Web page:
Phil Woods is right at home during these 2002 sessions at Red Rock Recording Studio near his home in Delaware Water Gap, Pennsylvania. With his regular group (Bill Charlap, Steve Gilmore, and Bill Goodwin) minus trumpeter Brian Lynch, Woods adds strings conducted by his old friend Eric Doney on this collection of ballads. "And When We're Young" is the alto saxophonist's tribute to the late Senator Robert F. Kennedy, who was assassinated around the time it was written. The leader's lush alto gives way to a brisk Latin-flavored passage featuring powerful solos by violinist Andy Stein and Charlap on piano, while Woods humorously detours into "Nature Boy" upon his return. The strings introduce a lively arrangement of "It Never Entered My Mind," and another favorite of the alto saxophonist, "If I Should Lose You." Unlike many jazz recordings with strings, they complement rather than overwhelm the musicians. But it is almost impossible for a Phil Woods-led date to turn out less than excellent.
Complete Collection is a six-disc, U.K.-only set celebrating the breadth and depth of Lisa Stansfield's extensive and impressive career. It includes her five studio albums – Affection; Real Love; So Natural; Lisa Stansfield; and Face Up – as well as an exclusive sixth disc, with recordings from a 1992 Wembley date, club mixes (including a great Massive Attack version of "Live Together"), B-sides, and three songs from Stansfield's Blue Zone days. Not enough? Each studio album is augmented with at least two bonus tracks. Complete Collection is definitely the most comprehensive Lisa Stansfield retrospective; it borders on overkill. But since it's only available in the U.K. – and is also quite pricey – the single-disc Biography is perfectly acceptable for the casual Stansfield fan.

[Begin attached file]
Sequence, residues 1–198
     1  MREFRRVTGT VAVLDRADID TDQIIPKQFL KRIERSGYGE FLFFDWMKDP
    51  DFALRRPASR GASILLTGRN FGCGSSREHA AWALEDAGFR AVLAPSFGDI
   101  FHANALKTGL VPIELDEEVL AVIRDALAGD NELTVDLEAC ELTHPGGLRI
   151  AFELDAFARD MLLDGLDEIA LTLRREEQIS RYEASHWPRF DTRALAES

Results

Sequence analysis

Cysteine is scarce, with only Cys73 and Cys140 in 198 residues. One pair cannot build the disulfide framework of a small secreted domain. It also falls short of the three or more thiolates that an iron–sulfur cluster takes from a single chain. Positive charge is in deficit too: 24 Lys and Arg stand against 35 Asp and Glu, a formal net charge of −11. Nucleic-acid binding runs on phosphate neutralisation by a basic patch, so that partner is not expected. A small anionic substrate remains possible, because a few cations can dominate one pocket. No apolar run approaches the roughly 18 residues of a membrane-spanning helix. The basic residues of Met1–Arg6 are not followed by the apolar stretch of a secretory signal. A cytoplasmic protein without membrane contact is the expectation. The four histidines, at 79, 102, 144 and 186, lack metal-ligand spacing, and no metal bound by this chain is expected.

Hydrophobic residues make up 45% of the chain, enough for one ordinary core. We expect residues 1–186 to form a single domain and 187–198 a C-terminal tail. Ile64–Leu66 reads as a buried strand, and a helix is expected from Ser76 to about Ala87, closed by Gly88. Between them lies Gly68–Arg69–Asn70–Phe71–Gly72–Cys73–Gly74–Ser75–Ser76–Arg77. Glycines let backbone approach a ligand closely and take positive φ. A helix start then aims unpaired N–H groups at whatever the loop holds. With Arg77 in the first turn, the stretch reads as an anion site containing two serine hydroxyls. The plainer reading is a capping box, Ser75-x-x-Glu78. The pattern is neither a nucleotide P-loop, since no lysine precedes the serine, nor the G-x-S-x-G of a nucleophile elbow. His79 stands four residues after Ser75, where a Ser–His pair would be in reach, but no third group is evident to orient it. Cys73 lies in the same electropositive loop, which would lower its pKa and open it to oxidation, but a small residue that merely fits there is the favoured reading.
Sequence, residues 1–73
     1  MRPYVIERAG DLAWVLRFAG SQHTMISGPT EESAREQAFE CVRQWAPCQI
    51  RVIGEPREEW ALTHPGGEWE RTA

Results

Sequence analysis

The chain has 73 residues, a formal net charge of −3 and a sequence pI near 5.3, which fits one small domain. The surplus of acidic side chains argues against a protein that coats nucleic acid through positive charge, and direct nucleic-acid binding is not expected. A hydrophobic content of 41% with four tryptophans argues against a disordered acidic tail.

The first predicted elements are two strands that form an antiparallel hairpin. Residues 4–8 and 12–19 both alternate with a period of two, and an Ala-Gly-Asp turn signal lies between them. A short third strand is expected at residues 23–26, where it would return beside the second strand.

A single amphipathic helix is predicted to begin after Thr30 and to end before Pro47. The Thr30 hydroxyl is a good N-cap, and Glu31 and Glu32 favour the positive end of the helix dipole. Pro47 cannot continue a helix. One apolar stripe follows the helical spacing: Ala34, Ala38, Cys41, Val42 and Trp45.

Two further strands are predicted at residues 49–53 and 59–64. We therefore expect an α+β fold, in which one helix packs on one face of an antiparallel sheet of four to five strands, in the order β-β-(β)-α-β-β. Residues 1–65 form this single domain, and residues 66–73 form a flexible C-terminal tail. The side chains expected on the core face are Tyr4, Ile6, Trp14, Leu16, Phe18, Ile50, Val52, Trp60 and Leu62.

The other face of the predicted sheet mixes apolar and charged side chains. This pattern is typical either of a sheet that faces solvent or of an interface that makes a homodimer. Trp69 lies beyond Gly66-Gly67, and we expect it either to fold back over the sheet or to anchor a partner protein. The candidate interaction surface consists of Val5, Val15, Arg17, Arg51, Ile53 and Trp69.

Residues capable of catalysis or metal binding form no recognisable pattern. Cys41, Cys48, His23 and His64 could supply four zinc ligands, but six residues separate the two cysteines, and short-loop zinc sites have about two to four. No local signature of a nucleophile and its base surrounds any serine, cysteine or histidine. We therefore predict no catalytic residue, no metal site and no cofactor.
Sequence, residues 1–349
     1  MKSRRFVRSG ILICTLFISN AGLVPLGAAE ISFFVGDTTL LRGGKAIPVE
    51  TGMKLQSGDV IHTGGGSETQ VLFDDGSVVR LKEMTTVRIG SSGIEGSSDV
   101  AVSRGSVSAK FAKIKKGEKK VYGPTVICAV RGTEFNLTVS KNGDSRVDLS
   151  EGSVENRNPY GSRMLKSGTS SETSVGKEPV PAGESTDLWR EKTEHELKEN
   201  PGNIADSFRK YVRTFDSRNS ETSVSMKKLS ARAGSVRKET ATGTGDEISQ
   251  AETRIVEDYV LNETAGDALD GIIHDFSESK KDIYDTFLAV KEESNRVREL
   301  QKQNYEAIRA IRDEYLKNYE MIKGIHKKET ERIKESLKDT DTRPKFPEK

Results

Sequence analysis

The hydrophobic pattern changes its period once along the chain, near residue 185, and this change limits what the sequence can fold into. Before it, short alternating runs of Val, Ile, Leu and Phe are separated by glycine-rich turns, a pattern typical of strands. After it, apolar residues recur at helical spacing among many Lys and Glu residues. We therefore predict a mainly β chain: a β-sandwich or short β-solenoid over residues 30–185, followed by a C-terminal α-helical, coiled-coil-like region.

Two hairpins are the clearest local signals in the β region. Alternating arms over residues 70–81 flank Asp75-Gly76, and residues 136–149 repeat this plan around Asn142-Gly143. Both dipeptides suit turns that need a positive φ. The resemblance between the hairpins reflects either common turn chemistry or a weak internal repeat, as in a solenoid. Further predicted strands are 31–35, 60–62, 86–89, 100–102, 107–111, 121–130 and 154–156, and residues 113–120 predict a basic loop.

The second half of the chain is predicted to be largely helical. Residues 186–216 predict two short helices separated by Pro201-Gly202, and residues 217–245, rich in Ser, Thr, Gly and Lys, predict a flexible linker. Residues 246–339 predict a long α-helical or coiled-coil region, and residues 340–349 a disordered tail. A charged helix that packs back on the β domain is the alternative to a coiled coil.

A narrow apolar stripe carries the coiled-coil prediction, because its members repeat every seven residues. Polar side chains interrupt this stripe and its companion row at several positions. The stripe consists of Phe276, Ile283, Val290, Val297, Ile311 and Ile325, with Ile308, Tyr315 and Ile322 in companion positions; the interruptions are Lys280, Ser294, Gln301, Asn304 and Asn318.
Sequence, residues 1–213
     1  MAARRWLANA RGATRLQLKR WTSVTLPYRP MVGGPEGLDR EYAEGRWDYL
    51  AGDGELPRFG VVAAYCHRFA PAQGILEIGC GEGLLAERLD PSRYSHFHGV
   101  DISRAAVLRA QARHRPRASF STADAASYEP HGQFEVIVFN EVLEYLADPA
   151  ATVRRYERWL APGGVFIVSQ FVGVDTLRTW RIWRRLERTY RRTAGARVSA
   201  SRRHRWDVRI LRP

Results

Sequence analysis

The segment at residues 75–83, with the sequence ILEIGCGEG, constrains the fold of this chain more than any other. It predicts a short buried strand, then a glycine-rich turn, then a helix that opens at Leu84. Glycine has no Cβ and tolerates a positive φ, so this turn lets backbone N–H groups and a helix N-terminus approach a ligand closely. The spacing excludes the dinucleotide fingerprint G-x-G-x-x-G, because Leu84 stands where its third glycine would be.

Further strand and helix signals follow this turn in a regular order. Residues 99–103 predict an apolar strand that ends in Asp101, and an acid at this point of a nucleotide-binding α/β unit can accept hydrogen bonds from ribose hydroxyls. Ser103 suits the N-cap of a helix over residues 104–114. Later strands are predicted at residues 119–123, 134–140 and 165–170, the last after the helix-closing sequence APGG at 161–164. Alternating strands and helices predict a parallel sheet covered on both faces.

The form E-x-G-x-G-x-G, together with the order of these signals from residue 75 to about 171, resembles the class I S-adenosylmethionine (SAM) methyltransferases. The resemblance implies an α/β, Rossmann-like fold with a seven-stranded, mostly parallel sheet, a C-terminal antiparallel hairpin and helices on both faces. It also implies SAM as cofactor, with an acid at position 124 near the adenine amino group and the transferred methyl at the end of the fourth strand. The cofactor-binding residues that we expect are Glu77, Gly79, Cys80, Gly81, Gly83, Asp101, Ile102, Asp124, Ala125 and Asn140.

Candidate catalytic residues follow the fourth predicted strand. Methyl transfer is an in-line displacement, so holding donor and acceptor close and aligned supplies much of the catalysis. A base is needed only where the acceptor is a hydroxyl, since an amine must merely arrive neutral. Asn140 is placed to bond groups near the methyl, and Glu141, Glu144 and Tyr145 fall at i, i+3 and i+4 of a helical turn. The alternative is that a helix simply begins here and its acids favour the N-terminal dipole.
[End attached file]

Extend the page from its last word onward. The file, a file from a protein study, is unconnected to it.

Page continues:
Aside from his tremendous powers of performance, Stevie Wonder stands as one of the greatest songwriters of the late 20th century, probing the joyous peaks and depressing valleys of love and relationships. The Motown tribute album Conception: An Interpretation of Stevie Wonder's Songs has its highs and lows as well; with Stevie himself in the producer's chair (along with new-era Motown exec Kedar Massenburg), the album certainly has a lot of promise. It boasts plenty of neo-soul balladeers – India.Arie, Mary J. Blige, Brian McKnight, Joe, Musiq – as well as mainstream stars like Eric Clapton and John Mellencamp, who took musical cues from classic Stevie Wonder LPs like Talking Book or Songs in the Key of Life.